Fight climate change, go to jail?

Tim DeChristopher goes to prison after climate-change protest; California coastline endangered by rising sea level

Tim DeChristopher: Bidder No. 70

Tim DeChristopher: Bidder No. 70

Climate-change activist jailed
29-year-old Tim DeChristopher—known to many as “Bidder No. 70”—was sentenced on July 26 to two years in federal prison for his December 2008 act of civil disobedience when he disrupted an oil-and-gas-lease auction by bidding on 14 parcels of public land, much of it near national parks in Utah, to keep them from being developed by the fossil-fuel biz. DeChristopher (pictured) did not have the necessary $1.8 million to pay for them. The Bush-era auction was later declared improper by both the Obama administration and a federal judge.

As actor and eco-activist Robert Redford put it in Huffpost Green, “Major financial institutions in this country brought the nation’s economy to its knees yet not one person associated with the debacle is in jail. The human consequence of their actions is indescribably profound and not one person responsible for any of it went to jail. And yet the federal government prosecuted this young activist’s act of civil disobedience and he now faces jail time.”

Go to for more info and to donate to DeChristopher’s defense fund for an appeal.

More on climate change
Boston-based photographer David Arnold’s ongoing exhibit at the Gateway Science Museum (and recent Chico State talk: See Greenways lead story, “Melting glaciers, warming seas,” page 16) really hits home when it comes to the reality of global warming.

The same goes for the words of local climate-change expert Scott McNall. In a recent conversation I had with McNall, he gave me a lot of information to chew on, which I have been dishing out nugget by nugget in this space.

Santa Monica, 2100?

“There are real consequences to whether or not one believes that climate change is real,” offered McNall. “Its result will be seen by most people in our lifetime, and California is certainly planning that we will. The California Coastal Commission demanded any developments along the California coast take into account a one-meter rise in sea level.”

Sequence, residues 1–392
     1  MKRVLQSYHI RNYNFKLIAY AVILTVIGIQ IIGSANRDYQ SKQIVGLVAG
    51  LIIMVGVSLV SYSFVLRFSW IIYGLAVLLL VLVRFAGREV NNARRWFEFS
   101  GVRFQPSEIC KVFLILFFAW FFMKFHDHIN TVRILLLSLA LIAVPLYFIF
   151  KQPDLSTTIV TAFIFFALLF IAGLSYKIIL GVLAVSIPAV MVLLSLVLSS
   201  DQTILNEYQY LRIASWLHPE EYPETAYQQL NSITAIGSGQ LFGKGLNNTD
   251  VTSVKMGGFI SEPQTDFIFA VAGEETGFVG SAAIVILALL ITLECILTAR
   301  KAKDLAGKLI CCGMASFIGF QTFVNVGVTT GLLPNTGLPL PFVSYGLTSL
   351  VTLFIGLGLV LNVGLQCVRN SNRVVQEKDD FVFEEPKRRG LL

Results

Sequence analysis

“State-of-the-art climate models are predicting that global temperature may rise by 2 to 9 degrees F … over the next 100 years,” according to the Coastal Commission’s 58-page report, which has been around since 2001 and may be viewed at “There is strong certainty that a future rise in global temperature …will be accompanied by a rise in sea level. … [I]t is very likely that, by 2050, much of the California coast will experience coastal water levels that are 1 foot (0.3 meters) higher than they are currently. By 2100, it is very likely that water levels will be 3 feet (0.9 meters) higher than they are currently.

“Careful review, siting and permitting of new projects on the coast can increase the likelihood that these projects will be able to adapt and change to accommodate future coastal hazards.”

Keep your old TV out of the landfill
Chico’s Fleet Feet Sports is teaming up with Tustin-based All Green Electronics Recycling to host a free Electronics Recycling Drive on Aug. 7 at Cedar Grove in Bidwell Park, from 9 a.m. to 3:30 p.m. Call 345-1000 for more info.